Typical yearling insurance plans are full mortality policies, covering losses due to accidental injury, illness, or disease, although some owners opt for non-comprehensive coverage addressing specific risks, such as fire or transportation. Plans also may include coverage for colic surgery or other emergencies. The value of the horse for the purpose of the policy typically is based upon the sale price.

“Horses purchased at public auction are usually assigned a value of the purchase price or RNA price,” Sheckley said. “Horses purchased privately are generally insured for the sale price ... It is always acceptable to insure for less than the full value of a horse but never acceptable to insure for more than the horse is worth ... Not all policies are equal.

“In any insurance policy, it is important that the insurance company values the horses based on agreed value, not fair market value,” Sheckley added. “This means that the amount you will be paid in the event of a loss is the amount showing as the value on the declarations page. Additionally, it is important to be educated to any exclusions in the policy and any special requirements regarding vaccinations and care.”

The process of valuing a homebred is based upon different criteria.

“We use stud-fee multiples – usually, two times the stud fee is a good rule of thumb,” Nicholson said. “It also depends upon the siblings. We could go higher [if siblings are racing well]. Maybe if the conformation is exceptional, we could go higher also. But two times the stud fee is a good rule of thumb.”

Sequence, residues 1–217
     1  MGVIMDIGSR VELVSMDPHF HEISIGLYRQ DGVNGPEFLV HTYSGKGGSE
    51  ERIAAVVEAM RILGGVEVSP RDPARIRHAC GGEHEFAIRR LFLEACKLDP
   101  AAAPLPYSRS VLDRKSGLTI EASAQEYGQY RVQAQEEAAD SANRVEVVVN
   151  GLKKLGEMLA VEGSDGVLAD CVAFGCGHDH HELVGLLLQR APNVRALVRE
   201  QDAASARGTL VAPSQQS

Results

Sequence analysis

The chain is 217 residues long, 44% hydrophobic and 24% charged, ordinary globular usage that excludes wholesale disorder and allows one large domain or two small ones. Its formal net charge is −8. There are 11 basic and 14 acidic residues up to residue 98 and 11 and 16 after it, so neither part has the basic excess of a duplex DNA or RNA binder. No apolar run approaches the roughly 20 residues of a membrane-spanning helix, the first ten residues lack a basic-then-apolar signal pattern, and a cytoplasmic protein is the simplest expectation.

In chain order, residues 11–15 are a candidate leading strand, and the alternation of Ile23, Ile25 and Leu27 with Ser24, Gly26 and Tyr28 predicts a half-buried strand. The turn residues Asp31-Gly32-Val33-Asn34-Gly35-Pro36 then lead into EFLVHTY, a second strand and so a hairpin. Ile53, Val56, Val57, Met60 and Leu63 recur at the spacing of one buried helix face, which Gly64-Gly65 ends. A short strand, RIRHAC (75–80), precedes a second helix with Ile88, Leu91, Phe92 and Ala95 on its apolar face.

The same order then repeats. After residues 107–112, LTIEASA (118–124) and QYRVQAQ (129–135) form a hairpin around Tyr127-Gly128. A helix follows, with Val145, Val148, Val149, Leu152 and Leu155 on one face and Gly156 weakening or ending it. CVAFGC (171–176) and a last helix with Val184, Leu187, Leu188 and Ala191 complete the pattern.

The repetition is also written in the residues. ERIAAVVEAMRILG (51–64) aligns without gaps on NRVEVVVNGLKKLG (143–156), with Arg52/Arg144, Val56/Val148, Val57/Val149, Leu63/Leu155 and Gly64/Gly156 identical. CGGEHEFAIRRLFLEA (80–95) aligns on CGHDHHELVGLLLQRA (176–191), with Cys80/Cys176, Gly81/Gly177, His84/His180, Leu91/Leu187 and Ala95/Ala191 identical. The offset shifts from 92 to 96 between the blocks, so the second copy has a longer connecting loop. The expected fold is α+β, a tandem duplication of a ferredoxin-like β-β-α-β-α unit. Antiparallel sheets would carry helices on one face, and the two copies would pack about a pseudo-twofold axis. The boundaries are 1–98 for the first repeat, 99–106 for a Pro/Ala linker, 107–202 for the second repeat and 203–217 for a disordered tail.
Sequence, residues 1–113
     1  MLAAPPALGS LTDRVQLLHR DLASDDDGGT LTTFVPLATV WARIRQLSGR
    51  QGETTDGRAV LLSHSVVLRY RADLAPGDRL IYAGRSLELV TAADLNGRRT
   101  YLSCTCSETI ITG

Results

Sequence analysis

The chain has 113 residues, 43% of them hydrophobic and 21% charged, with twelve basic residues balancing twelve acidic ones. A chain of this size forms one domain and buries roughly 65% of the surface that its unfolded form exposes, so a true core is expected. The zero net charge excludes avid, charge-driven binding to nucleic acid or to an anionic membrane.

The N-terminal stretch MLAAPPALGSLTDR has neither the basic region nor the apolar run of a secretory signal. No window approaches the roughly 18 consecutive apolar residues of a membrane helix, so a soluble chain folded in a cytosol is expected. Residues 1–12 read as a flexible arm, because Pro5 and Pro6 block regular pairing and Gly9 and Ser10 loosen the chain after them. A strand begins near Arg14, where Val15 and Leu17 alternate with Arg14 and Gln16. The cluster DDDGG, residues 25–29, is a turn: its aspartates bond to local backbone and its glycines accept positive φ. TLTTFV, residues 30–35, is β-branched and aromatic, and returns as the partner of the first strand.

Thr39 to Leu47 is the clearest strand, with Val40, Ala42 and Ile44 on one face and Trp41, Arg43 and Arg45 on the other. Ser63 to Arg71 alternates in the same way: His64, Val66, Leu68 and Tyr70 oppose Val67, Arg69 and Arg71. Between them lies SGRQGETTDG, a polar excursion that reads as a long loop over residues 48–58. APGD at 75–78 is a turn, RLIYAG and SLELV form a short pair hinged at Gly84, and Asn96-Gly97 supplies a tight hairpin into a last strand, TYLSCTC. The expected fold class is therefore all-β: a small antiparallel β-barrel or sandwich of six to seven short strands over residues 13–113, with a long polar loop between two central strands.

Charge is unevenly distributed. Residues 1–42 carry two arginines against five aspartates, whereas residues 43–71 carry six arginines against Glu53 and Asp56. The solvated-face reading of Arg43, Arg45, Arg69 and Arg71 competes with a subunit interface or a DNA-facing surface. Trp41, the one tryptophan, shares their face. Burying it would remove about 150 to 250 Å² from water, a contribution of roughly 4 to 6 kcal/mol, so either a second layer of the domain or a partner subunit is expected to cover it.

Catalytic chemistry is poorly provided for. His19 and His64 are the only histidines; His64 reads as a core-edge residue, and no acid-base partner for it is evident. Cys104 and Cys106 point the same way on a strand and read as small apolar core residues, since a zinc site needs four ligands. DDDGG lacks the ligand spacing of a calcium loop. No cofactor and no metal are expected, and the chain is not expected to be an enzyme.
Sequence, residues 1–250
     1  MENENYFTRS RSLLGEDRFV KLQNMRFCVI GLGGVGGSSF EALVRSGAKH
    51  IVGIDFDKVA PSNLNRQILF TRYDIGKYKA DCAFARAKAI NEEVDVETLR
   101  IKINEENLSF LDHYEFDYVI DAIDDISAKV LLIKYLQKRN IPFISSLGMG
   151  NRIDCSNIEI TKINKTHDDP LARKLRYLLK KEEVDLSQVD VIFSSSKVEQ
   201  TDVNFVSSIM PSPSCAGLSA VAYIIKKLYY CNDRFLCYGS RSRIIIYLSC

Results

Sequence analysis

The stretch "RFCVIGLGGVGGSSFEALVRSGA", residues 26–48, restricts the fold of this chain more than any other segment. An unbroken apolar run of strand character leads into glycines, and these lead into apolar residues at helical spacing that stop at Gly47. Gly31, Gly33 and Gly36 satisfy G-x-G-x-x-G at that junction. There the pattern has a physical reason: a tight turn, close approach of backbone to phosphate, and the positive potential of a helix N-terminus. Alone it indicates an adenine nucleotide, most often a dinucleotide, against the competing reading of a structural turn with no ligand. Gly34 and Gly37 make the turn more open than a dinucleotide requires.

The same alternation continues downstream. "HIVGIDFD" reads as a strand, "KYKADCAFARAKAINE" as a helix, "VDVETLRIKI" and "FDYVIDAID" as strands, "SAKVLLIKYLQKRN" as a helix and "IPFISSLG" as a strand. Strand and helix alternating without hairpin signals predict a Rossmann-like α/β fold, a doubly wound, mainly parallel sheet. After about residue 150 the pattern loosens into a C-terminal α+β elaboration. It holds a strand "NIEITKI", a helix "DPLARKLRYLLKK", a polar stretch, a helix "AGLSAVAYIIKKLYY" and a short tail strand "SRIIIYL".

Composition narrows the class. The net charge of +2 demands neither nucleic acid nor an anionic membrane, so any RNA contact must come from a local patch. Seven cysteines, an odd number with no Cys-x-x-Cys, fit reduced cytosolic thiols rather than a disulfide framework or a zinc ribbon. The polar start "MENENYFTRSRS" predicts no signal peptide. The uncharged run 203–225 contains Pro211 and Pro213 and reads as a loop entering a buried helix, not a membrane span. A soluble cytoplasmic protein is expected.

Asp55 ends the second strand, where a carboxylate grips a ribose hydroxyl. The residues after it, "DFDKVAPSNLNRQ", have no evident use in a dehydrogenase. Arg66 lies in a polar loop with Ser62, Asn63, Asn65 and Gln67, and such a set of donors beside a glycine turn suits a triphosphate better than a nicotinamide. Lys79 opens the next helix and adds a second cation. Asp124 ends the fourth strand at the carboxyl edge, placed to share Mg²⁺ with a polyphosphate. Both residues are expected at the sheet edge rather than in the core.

While a horse purchased at public sale will have already undergone an extensive veterinary analysis, an exam and additional health documentation typically are necessary when insuring a homebred or private purchase.

“For private purchases, health documentation will be necessary in order to bind coverage on the horse,” Sheckley said. “Depending on the value of the animal and prior history of injury or illness, either a veterinary certificate – a standard insurance exam done by a veterinarian – or a Declaration of Health – a health statement provided by the owner, boarding farm, or trainer of the horse – will be needed. Generally speaking, horses acquired at public auction will not need any additional health documentation.”

Ultimately, decisions on insurance coverage must be made by owners on a case-by-case basis, weighing the risks they are willing to take, the amount they intend to spend, and the potential losses they are able to absorb.

“Although most people insure for 100 percent of what they pay for the horse, that’s not mandatory,” Nicholson said. “They could insure for half the value or three-quarters of the value if they wanted to save premium dollars. But at the same time, they would be taking that risk. A person should ask how they would feel, financially and emotionally, if something were to happen to that horse and that horse was not insured. Would they shrug it off, or would they be financially harmed beyond what they are willing to endure? It’s a personal decision.”